The Freechild Project believes that both young people and adults have the power to help our
communities become vibrant, enriching places to live.
However, facilitating young people and adults working together
can be challenging. The following tips can be helpful when
you are working to create Youth-Adult Partnerships. For more
information and resources about Youth-Adult Partnerships, visit
Resources for Adults webpage.
The following includes tips
and information that can help YOU create lasting and sustainable
When youth and
adults work together, they must face some key questions about
themselves: Do I appreciate different perspectives? What
stereotypes do I have about others? Do I judge people based on
their clothes rather than their abilities? Why should I be open
to working with youth/adults? Adults and young people must be
willing to honestly address their stereotypes and preconceptions
to work together effectively.
Speak By Listening.
regardless of age, have the potential to be both teachers and
students. Unfortunately, we are often too pressed for time,
overly task-oriented, or limited by traditional roles, so we
neglect to really communicate with one another. Young people
must take a stand for positive change and demand that their
voices be heard. Adults should step back and listen – really
listen – to the concerns of young people.
3. Make It Meaningful.
All people - youth & adults -
need to feel that they are contributing to their communities.
Young people and adults can work together to create meaningful and
challenging opportunities to change our communities. Respect both youth and adults,
by thinking about schedules, transportation needs, and other commitments when
planning meetings and gatherings. And don’t forget to recognize
Spread the Wealth.
when involved in the decision-making that will affect their
lives, grow more capable, responsible, and trusting of adults.
By working with young people, adults become more energized,
creative, and insightful. Adults and youth who recognize the
benefits of working together are great ambassadors to their own
peer groups. Spread the work – youth and adults who work as
allies develop a broader base of support and build stronger
Read through these questions and ask yourself if you're really
ready to create partnerships with young people? Young
people, are you
really ready to work with adults?
respect and value the opinions of others no matter how old
DO I seek
to involve a diverse group of people in my programs and
my motivation for working with youth/adults?
expect one person to represent the opinions of all youth or
willing to let go of some of my own control in order to share
WHY DO I
want to work with adults/youth?
WHAT CAN ADULTS DO?
moral support, encouragement, and a little bit of wisdom- with
connections with other supportive adults in the community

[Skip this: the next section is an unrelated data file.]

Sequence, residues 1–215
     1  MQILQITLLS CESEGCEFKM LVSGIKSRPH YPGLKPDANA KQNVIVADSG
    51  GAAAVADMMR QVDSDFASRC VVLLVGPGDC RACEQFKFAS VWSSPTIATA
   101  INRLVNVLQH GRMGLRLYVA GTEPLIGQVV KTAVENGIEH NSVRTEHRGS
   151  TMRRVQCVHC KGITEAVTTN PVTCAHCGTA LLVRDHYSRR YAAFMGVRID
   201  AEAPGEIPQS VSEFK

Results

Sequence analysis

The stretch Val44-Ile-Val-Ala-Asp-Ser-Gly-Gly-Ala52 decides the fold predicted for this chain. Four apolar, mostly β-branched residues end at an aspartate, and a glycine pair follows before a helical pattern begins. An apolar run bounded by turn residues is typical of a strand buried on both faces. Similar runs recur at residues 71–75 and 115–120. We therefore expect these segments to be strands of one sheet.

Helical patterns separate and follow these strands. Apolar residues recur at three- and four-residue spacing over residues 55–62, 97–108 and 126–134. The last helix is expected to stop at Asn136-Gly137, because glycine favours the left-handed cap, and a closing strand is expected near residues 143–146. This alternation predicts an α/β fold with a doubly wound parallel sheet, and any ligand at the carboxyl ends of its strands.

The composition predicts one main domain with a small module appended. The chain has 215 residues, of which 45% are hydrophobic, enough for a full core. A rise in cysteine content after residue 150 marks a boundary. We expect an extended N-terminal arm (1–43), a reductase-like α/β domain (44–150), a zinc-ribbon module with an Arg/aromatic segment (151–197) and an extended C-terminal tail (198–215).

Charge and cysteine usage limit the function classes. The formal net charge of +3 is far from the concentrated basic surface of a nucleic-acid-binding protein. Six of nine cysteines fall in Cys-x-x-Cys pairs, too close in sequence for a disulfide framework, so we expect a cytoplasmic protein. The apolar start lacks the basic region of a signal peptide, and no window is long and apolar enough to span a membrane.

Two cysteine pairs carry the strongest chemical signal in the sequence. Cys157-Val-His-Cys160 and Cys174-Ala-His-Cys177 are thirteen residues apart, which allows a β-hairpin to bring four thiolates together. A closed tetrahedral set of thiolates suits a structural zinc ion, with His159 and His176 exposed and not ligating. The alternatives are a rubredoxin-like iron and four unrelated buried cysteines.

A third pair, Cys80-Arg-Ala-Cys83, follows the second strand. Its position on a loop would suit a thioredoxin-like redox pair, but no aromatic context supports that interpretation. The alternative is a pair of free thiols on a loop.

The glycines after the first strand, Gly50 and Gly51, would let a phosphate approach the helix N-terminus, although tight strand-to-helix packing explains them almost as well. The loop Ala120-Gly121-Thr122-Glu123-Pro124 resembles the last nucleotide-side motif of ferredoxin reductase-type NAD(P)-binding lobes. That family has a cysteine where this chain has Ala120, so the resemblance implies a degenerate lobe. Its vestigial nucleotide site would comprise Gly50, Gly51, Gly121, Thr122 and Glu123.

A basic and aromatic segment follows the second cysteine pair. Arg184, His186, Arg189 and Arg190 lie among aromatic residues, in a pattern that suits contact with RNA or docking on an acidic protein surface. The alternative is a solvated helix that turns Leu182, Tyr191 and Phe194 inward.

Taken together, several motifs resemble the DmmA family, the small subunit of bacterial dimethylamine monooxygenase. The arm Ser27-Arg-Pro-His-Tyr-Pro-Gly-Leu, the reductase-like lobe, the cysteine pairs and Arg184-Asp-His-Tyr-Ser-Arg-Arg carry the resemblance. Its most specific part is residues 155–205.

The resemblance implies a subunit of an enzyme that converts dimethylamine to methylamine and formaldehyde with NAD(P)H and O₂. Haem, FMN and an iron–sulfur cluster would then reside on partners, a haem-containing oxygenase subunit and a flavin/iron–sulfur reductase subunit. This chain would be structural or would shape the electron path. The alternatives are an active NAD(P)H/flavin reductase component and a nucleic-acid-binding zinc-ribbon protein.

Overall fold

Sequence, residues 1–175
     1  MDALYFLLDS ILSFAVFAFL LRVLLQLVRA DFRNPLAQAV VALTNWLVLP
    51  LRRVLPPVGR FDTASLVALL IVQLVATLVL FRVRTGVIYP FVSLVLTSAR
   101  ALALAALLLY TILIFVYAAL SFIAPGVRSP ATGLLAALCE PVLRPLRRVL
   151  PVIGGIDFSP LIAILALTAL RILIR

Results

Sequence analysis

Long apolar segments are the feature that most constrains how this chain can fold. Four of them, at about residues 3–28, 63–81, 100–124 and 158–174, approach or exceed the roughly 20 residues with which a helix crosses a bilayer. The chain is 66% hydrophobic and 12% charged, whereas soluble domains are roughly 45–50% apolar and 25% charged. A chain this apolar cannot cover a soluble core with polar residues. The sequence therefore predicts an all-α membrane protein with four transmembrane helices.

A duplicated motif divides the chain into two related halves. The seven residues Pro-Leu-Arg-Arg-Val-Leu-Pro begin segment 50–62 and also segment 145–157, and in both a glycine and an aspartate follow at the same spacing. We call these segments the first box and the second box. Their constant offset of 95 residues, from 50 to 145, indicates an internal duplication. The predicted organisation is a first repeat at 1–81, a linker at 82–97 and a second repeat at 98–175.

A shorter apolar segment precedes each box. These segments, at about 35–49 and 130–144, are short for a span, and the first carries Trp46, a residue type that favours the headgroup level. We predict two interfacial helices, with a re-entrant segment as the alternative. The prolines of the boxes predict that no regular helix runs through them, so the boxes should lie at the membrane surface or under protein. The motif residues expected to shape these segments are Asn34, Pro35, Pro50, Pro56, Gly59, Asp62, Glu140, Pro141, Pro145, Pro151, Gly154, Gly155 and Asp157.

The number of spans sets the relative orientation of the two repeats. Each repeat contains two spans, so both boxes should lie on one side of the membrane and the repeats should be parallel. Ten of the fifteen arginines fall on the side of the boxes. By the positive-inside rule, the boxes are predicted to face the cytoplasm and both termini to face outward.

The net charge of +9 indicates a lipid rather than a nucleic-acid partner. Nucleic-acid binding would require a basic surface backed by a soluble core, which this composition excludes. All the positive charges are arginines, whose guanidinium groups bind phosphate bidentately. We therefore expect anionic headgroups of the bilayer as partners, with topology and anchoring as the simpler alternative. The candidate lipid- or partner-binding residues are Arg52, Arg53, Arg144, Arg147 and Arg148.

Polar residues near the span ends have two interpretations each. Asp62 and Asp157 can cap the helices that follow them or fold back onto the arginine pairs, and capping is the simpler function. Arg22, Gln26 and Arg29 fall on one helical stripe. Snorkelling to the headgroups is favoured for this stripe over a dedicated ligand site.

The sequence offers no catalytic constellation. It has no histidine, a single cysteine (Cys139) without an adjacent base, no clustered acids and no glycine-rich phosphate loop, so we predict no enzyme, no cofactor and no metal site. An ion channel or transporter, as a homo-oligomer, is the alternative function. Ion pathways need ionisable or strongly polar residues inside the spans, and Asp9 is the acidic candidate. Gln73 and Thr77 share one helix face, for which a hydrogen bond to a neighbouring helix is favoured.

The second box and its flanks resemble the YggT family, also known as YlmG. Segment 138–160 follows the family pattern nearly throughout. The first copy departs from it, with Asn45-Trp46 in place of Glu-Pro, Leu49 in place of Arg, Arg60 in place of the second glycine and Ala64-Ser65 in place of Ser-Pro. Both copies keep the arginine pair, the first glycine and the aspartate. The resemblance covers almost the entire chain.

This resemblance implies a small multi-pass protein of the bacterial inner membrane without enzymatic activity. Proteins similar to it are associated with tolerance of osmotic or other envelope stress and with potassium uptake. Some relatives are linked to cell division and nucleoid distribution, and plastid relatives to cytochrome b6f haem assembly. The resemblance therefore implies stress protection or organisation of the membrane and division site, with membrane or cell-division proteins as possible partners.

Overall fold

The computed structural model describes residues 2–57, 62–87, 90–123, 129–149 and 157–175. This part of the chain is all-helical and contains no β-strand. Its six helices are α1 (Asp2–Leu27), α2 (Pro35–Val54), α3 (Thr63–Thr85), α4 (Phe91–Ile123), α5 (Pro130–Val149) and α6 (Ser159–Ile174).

young people to help recruit other young people
telephone, copier, fax machine, computers, etc.
people to find the answers and make mistakes
that activities are safe and appropriate
transportation to projects, community organizations or other
From YAC Tracks: A Step-By-Step
Guide for Organizing Community Action Coalitions – the Kansas
Office for Community Service and the Points of Light Foundation,
Take Practical Steps.
Build a team
of young people and adults working together with a common
essential: without basic respect and trust, youth leadership
young leaders with care and support… young people lack the
experience to know that a failure is not the end of the world:
they need encouragement and support to learn from mistakes
opportunities for reflection through writing and discussion: a
key factor in effective leadership is the ability to learn
from experiences and to apply them
program veterans or older peers in training roles
tokenism: one or two students on a board may be intimidated or
feel inadequate representing all their peers
and maintain accountability
responsibilities at appropriate levels – too high: failure is
guaranteed; too low: you insult their intelligence and risk
young people in the process of delegating responsibilities
behaviors you expect from youth leaders
Based on information from The Generator, Fall
1992, p. 24, The National Youth Leadership Council, Minneapolis,
a Look Inside.
Ultimately, we all have to ask ourselves "What is the purpose of
youth-adult partnerships?" If we answer that we honesty and
integrity, we may find that there are great motivations for this
action. We may also discover that we have ulterior motives that
aren't so great. Either way, the moral of the story is that we have
to be sincere in our desire to engage in partnerships, or else they
are bound to fail. Meet the task. Make change now.
The Freechild Project. (2002).
Youth-Adult Partnerships Tip Sheet. Olympia, WA: